You may have got into business because you care about people, but bad habits and the drive for profit can sometimes lead a person away from their original ideals.
Heaven knows, most of us become entirely different people when we’re broke, stressed, or excited about a new idea. In our digitally-optimized world, it becomes all too easy to take the easy option: to send an email when face-to-face would be better, to expect employees to work overtime without asking, or to redeploy someone at short notice and with no consultation.
As it happens, these actions may sound efficient, but they’re not just rude – they’re costly. The first cost is trust. And that loss of that trust hits your profits. Consider:
- Businesses where the employees trust the management are nearly three times as likely to achieve ‘high revenue.’
- More than nine out of ten employees reckon having trust in their boss is vital to be satisfied at work.
- It can cost around £3,000 to replace an employee if they quit.
So we agree that trust is a good thing. Now, how are you to go about cultivating trust in the workplace?
Trust requires listening
Trust is a very emotional trait. It’s connected to our survival instinct. It’s not something you can quantify, in fact, it’s entirely possible to distrust somebody despite heaps of evidence that they should be trusted, just because they give you that ‘feeling’ of being dodgy.
For this reason, trust in the workplace should not be looked at as an asset that you can measure or ‘action.’ It has to come from the heart on both sides. So before you go about revolutionizing the culture of trust in your workplace, it is essential to get it straight with yourself: know your reasons, think about the people you work with, and reconsider your whole approach to empathy.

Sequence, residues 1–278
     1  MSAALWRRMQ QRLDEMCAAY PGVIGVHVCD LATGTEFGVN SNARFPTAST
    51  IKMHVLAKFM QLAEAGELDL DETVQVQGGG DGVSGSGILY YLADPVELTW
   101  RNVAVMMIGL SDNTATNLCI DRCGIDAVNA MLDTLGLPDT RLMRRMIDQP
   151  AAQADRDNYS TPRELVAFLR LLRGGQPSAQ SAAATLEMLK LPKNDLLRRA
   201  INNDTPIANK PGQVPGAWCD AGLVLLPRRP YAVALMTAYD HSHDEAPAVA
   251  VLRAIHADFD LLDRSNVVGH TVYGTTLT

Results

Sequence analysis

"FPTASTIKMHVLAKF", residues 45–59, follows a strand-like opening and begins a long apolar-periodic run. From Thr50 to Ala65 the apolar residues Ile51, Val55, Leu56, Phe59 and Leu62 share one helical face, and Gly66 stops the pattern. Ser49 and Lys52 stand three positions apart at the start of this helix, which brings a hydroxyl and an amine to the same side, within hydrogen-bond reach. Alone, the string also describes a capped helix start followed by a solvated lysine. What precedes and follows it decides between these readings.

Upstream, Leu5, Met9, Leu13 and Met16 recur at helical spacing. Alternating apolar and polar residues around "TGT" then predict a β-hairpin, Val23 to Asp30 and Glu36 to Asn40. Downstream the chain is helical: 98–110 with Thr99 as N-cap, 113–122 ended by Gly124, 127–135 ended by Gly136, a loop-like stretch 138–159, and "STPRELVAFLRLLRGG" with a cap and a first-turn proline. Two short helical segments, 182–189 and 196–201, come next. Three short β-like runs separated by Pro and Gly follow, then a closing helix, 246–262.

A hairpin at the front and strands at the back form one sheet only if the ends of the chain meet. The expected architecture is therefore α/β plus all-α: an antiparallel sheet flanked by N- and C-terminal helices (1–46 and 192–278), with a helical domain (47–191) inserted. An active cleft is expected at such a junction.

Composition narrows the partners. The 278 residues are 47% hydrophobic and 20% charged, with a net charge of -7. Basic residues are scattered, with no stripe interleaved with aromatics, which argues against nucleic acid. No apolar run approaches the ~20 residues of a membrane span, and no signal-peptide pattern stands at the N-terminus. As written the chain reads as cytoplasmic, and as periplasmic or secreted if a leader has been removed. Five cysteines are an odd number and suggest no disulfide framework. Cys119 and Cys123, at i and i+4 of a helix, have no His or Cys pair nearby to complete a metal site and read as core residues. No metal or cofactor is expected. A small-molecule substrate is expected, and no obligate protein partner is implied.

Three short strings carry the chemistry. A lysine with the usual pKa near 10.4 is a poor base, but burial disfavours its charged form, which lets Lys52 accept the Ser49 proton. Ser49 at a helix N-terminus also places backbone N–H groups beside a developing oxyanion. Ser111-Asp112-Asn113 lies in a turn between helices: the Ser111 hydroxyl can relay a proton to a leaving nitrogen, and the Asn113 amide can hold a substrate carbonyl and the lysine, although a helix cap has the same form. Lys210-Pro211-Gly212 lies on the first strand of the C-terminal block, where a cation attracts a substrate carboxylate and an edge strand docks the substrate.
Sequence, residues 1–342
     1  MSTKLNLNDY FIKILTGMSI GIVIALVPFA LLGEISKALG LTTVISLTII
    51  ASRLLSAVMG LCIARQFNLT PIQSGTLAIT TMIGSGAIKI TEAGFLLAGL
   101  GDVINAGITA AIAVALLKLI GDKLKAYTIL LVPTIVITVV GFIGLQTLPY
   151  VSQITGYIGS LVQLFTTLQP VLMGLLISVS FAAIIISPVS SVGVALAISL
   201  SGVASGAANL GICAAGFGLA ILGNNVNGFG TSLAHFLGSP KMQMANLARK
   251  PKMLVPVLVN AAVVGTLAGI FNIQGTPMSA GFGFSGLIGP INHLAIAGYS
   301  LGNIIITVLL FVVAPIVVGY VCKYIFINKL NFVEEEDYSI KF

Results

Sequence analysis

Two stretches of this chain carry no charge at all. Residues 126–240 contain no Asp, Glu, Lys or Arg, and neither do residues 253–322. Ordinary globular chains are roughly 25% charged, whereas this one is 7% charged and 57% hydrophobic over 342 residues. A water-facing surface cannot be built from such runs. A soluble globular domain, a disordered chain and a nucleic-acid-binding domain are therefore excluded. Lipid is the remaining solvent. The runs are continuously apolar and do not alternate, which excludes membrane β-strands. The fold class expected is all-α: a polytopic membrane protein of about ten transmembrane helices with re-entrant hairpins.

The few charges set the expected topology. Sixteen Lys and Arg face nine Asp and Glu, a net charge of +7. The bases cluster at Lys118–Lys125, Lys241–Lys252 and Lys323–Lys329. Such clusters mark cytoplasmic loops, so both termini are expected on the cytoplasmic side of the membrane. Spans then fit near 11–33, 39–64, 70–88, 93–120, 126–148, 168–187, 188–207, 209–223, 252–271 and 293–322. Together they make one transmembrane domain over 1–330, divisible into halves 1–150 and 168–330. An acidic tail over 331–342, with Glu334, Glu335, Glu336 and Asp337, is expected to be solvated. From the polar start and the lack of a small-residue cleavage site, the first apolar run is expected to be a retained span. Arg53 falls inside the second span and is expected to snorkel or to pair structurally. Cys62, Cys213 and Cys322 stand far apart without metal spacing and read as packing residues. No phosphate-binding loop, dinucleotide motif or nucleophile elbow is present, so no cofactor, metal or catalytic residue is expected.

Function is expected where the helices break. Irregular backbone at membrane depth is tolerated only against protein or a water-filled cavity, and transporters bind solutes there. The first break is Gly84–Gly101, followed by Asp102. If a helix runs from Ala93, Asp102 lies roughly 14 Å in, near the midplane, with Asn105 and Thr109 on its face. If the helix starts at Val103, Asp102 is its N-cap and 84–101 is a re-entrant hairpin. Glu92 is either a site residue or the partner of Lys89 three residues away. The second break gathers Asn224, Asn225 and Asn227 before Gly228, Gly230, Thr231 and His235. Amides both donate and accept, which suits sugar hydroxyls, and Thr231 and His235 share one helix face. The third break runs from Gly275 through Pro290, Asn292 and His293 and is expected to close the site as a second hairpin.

You’re going to have to do a lot of listening. Trust between employees and their boss is an individual thing, which means you need to get to know your crew. Listen always, but also look out for opportunities to ask open questions such as:
- What are you working on today?
- How is it going?
- How do you feel the results will be?
- What do you need to make it work?
Take your time responding in conversations, and learn to swallow your pride: you neither need to come up with nor take credit for, every idea. Let your colleagues finish their sentences and their thoughts. Sometimes there’s nothing like an extended silence to provoke the next development.
Open up, professionally
Trust-building begins as early as the recruitment stage. Being upfront about job requirements and expectations is essential. Even if you’re trying to sell a role to a high-quality candidate, it is crucial not to sugar-coat things. You can start to work towards gaining their trust by speaking frankly about work conditions.
Be as open about your business as it is feasible to be. Let your crew know what your goals are and how you want to achieve them. Introduce them – or have them introduce each other – to the workings of different departments. Sometimes interdepartmental mistrust can be as damaging as not trusting the boss!
Show that you trust your colleagues with the ins-and-outs of your strategy, and they will trust you in return. This comes with a commitment to work harder and smarter towards your shared goals.
Make ‘friends’ with your employees
But you can also open up about your response to what they bring. You don’t need every assessment to be a celebration or a dressing down; speak with your colleagues frankly about what they’re doing well, what they need to work on, and when they’ve surprised you with results or an idea.
There’s nothing like trusting your colleagues if you want them to trust you in return. It all begins with a commitment to human individuals rather than numbers in a ledger. Are you ready to make that leap?
About the author: John Cole writes on behalf of NeoMam Studios. A digital nomad specializing in leadership, digital media, and personal growth topics, his passions include world cinema and biscuits. A native Englishman, he is always on the move, but can most commonly be spotted in the UK, Norway, and the Balkans